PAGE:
Best of Delaware 2013 Party Beneficiaries

The Girl Scouts of the Chesapeake Bay, Variety—The Children’s Charity and Kent County Fund for the Arts

Girl Scouts of the Chesapeake Bay
Given today’s societal pressures, it’s easy for girls to lose their way. But the Girl Scouts of the Chesapeake Bay is helping girls face those challenges and evolve into strong leaders of tomorrow.

“The Girl Scouts’ mission is about creating girls of courage, confidence and character who make the world a better place,” says Anne Hogan, the council’s CEO. “Girls today need to be in an environment that is safe and comfortable, where they can try new things, where they can stretch themselves, where they can learn skills that will follow them the rest of their lives.”

The Girl Scouts of the Chesapeake Bay serves about 14,000 girls in grades K-12 throughout the Delmarva Peninsula. More than 5,000 volunteers lend support to the council through mentoring and leadership positions.

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In recent years, the council has put more attention on offering cutting-edge STEM (science, technology, engineering and math) programming at the Lynn W. Williams Science & Technology Lodge at Camp Country Center in Hockessin. The center is the first building in Delaware—and the first Girl Scout facility in the nation—to earn the nationally renowned platinum certification for Leadership in Energy and Environmental Design from the U.S. Green Building Council.

In 2011, Girl Scouts of the USA named the council a “STEM Advocacy Champion,” becoming one of only 17 councils in the nation to receive this distinction. (

Variety—The Children’s Charity
Variety—The Children’s Charity’s afterschool programming in Delaware and metro Philadelphia is a godsend for parents like Lynn Mancini.  Finding afterschool care for any child is tough, but when the child has a developmental disability, there are few options.

For years, Mancini struggled to find suitable afterschool care for Andy, her 11-year-old son with autism.

“It was really a situation where I was wondering if I was even going to be able to keep my job,” Mancini recalls.

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Then, in 2007, Variety started an afterschool program at the Brennen School in New Castle County, where Andy is a student. Today, when Andy finishes his school day at Brennen, he transitions to Variety’s afterschool program, giving Mancini a few much-needed minutes on her own.

“It’s the afterschool program that’s helping me function day-to-day,” Mancini says. “That’s the time I get to go to the grocery store. It’s the Variety program that allows me to go home and go through the mail and take care of paperwork. It has been such a blessing for me.”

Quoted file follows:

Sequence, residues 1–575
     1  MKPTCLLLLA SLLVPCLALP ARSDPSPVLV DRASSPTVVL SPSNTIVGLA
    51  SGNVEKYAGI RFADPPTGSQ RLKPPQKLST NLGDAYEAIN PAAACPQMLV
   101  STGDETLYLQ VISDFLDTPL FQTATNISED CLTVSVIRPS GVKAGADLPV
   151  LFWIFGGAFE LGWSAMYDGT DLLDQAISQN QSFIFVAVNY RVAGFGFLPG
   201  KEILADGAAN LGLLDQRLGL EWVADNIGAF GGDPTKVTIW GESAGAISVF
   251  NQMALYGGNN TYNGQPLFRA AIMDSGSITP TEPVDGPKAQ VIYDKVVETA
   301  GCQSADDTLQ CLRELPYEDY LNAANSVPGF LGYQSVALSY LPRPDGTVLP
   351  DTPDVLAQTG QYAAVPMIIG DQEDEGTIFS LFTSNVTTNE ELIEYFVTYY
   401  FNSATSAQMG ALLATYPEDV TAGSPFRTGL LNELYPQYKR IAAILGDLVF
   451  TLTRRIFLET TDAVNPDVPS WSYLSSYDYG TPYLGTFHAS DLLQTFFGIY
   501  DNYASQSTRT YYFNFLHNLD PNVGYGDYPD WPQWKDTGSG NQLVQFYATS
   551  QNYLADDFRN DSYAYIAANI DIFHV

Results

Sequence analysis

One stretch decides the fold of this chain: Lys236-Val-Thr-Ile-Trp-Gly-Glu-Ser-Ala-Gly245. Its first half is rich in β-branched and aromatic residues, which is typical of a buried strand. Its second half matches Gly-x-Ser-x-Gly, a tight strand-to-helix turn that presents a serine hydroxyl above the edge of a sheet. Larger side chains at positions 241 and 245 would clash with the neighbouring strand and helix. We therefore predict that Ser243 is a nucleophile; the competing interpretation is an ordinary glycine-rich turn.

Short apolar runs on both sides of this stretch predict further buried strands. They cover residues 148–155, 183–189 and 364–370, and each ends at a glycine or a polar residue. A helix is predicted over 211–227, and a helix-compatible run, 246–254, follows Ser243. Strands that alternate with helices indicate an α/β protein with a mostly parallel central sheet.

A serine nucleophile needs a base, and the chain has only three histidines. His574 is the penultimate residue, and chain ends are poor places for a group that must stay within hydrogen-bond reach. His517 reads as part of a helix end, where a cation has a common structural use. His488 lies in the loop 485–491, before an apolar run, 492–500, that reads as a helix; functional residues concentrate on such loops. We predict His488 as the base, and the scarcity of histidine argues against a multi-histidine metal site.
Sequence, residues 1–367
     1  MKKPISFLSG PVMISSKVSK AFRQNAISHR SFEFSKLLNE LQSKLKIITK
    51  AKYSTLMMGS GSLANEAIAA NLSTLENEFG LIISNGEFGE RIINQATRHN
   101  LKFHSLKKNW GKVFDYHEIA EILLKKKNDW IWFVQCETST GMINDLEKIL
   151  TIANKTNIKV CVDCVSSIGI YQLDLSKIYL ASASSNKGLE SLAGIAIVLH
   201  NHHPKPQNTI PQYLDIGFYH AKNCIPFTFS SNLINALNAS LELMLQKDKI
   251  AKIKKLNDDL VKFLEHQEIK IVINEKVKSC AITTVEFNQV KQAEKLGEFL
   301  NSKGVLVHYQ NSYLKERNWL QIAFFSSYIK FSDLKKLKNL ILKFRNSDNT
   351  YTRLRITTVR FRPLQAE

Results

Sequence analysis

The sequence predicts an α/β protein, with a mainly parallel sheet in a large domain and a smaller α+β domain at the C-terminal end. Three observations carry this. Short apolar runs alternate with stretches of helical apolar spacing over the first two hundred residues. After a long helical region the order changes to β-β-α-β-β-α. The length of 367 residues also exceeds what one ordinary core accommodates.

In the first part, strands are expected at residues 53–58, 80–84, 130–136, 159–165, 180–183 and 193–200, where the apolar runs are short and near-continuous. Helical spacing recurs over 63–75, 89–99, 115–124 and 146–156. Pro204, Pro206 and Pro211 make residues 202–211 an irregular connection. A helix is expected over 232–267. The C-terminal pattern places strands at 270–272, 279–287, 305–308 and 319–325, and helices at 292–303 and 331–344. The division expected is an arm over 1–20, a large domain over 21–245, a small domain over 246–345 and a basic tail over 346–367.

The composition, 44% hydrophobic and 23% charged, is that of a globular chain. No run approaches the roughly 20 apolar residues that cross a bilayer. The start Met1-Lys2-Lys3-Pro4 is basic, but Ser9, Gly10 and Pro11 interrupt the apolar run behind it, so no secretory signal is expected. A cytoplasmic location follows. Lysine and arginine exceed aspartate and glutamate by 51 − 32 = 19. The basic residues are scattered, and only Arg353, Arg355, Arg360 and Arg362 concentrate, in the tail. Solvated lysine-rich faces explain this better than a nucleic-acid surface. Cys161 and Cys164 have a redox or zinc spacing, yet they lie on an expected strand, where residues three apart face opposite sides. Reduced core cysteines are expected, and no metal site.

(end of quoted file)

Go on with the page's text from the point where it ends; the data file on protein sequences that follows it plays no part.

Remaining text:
In addition to Brennen, Variety operates similar programs at four other schools in New Castle County, as well as at seven sites in the Philadelphia area.

Variety also offers summer camp and vocational programs at the Variety Club Camp and Developmental Center in Montgomery County, Pa.; an Autism Initiative that connects parents to community resources; and “Variety at Play,” which partners with area venues to provide disability-specific outings for families across the East Coast. (

Ann Dulin (from left) and Mike and Donna Harrington enjoy the MidAtlantic Wine + Food Festival, of which the fund for the arts is a beneficiary. Photo by Mike BakerKent County Fund for the Arts
Inspired by her late husband’s passion for painting, philanthropist Rosemary Twilley founded the Kent County Fund for the Arts in 2009, in partnership with the Greater Dover Committee.

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Since then, more than $35,000 in grants has been awarded to Kent County nonprofits, schools and clubs in support of the arts.

“The Kent County Fund for the Arts is focused on enhancing residents’ quality of life, educating and broadening perspectives, and realizing the economic impact generated through arts events,” says Shelly Cecchett, executive director of the Greater Dover Committee. “Arts are important to our community, and our goal is to continue to see the arts grow and thrive in Central Delaware.”

One of the fund’s most recent grant recipients was the Dover Days Plein Air project. Over the course of five days last spring, more than 20 artists set up easels outdoors and competed in the Dover Days Plein Air Paint Out.

“They could paint one or 100 pictures, as long as they were painted outside and within Dover’s historic districts,” says Cindy Small with Kent County Tourism. “They had to choose one for the competition.”

The project also included full-day art classes for disadvantaged children and the Plein Air Quick Draw, where artists were challenged to create and frame a painting in just three hours.

Other prior arts fund grant recipients include the Smyrna Opera House, VSA Arts of Delaware, Friends of Killens Pond State Park and the Biggs Museum of American Art. (

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